... which were at all odds with the morning's thick fog and single digit temperatures (in August!). All covered up about four hours before the start of the show, this Mil Mi-171Sh - coded 227 - was the only Air Force aircraft up for display, the rest of the fleet being parked at the far end of the apron (out of harm's way 😀 )

At long last, finally photographed in the air! 🙂 Even though it had first flown about two weeks ago, this is the first time I've seen it in flight. Makes a pretty nice noise too...

But by far the biggest attraction of the show was the CA-10 "Penkala", a modern replica of the Penkala P-3, the first Croatian aircraft :). Designed by famed inventor Slavoljub Penkala - the father of the fountain pen - the P-3 had attempted to take off in 1910, but never made it beyond a few hops due to some deficiencies in its design. Intending to set that right, the CA-10 was conceived as "modernized" P-3, upgraded using today's aerodynamic laws (and an 80 HP Rotax, with four times the power of the 24 HP engine that Penkala had used). Interestingly enough, the whole aircraft was built by hand using only archive photos because the original blueprints have long been lost. Unfortunately, due to its paperwork not being ready, it had not flown at the show, a huge source of disappointment for many...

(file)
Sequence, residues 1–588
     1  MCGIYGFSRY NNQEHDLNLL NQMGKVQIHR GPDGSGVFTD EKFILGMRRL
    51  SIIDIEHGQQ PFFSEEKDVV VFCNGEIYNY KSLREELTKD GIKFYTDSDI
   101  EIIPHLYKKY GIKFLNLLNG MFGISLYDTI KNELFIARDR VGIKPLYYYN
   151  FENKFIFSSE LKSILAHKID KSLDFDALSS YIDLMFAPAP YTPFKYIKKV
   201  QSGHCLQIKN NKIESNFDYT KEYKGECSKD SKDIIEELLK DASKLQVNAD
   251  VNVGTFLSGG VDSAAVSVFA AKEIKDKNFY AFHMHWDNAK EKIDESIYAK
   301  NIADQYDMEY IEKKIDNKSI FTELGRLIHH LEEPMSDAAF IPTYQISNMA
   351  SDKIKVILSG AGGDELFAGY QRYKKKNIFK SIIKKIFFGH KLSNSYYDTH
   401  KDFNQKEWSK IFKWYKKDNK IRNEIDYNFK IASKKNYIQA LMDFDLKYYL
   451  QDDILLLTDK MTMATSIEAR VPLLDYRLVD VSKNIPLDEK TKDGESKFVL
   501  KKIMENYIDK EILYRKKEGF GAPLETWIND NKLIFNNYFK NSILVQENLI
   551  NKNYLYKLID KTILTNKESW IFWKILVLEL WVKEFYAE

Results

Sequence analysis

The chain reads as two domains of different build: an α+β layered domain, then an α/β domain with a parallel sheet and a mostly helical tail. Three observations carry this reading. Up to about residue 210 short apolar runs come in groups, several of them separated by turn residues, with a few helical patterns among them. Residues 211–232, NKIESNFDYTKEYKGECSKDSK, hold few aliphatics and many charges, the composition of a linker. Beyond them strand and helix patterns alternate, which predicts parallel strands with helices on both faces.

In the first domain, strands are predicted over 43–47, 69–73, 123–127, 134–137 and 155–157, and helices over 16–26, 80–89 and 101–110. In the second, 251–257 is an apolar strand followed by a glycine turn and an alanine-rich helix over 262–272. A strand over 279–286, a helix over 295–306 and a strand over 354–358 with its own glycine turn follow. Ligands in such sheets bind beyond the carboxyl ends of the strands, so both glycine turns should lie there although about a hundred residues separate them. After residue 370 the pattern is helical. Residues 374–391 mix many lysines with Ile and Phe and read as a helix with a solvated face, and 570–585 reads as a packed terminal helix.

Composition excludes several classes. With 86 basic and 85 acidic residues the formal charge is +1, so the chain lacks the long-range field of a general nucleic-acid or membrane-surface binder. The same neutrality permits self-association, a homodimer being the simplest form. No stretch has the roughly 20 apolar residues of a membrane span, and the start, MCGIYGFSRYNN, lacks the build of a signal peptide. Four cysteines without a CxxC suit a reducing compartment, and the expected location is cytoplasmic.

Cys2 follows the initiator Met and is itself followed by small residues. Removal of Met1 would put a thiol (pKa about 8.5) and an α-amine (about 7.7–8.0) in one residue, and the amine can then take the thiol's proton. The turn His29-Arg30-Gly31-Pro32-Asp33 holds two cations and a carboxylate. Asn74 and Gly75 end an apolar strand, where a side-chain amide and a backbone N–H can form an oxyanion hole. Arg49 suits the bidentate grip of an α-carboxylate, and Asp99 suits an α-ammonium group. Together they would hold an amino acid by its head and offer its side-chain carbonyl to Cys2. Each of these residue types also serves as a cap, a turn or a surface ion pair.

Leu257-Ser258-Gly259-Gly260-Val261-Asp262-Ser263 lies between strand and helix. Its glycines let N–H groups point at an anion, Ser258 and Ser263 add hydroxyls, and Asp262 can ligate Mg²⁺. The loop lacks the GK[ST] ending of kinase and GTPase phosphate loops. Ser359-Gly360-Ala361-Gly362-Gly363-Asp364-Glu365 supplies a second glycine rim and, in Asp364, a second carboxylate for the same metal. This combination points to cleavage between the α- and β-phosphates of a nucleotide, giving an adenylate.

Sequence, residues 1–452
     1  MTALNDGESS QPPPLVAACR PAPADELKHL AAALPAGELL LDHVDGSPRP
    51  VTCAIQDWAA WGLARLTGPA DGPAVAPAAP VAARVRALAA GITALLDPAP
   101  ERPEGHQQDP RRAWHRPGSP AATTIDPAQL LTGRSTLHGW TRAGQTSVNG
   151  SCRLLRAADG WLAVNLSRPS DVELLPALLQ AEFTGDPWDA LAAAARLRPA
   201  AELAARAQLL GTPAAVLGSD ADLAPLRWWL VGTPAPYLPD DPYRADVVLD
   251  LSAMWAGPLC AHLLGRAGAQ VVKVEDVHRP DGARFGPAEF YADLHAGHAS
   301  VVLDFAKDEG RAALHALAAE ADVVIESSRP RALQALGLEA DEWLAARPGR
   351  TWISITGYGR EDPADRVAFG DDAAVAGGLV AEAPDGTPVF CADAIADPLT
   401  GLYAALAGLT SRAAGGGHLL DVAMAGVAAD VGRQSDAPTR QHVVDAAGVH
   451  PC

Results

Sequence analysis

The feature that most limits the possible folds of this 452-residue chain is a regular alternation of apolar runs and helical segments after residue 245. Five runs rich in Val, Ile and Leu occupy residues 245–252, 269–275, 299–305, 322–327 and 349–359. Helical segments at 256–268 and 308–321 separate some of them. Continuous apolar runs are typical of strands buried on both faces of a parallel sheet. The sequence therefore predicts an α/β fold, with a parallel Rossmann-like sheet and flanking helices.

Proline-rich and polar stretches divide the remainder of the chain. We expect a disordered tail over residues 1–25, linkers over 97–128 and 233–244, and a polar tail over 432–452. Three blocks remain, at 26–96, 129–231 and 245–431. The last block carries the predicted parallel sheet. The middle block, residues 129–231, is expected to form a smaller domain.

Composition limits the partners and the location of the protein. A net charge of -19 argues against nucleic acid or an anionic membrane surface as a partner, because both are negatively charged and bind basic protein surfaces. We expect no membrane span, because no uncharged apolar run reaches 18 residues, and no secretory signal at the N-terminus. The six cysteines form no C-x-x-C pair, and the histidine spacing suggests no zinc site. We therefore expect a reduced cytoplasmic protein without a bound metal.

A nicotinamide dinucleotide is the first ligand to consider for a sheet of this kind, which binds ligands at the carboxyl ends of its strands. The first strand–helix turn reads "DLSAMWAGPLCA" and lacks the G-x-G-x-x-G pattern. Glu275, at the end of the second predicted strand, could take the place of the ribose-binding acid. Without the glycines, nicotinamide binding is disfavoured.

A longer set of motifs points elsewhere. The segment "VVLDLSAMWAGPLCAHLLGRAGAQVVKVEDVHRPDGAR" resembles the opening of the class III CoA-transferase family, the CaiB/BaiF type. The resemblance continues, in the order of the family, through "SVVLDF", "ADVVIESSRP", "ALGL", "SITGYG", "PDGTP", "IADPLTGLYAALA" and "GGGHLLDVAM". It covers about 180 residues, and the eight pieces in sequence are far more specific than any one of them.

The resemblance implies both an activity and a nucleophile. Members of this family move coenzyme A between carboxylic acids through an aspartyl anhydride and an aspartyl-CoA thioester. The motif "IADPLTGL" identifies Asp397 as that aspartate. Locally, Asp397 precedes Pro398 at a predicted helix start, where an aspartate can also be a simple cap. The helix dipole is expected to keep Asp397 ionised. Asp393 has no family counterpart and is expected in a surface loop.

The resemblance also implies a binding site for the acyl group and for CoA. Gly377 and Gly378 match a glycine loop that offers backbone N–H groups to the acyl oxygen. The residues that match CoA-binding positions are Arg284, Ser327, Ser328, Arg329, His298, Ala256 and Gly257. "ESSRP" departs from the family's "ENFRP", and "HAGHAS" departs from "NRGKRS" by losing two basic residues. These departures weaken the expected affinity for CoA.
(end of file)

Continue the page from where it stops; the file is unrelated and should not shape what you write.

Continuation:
Another beautiful sight: the first jet aircraft to land at Lučko in more than 20 years! 🙂 Part of the Stars aerobatic team hailing from Serbia, this Soko G-2 Galeb - the most famous aircraft produced by the Yugoslav aviation industry - was one of the absolute attractions of the show. Mind you, it did have less than an elegant entrance - especially for a type designed to operate from unpaved strips - when it ran over a huge bump on the runway, ramming its nose wheel strut all the way to its stop. But some manpower later - a couple of us to lift the nose and allow the strut to extend back into normal position - and all was right again! 🙂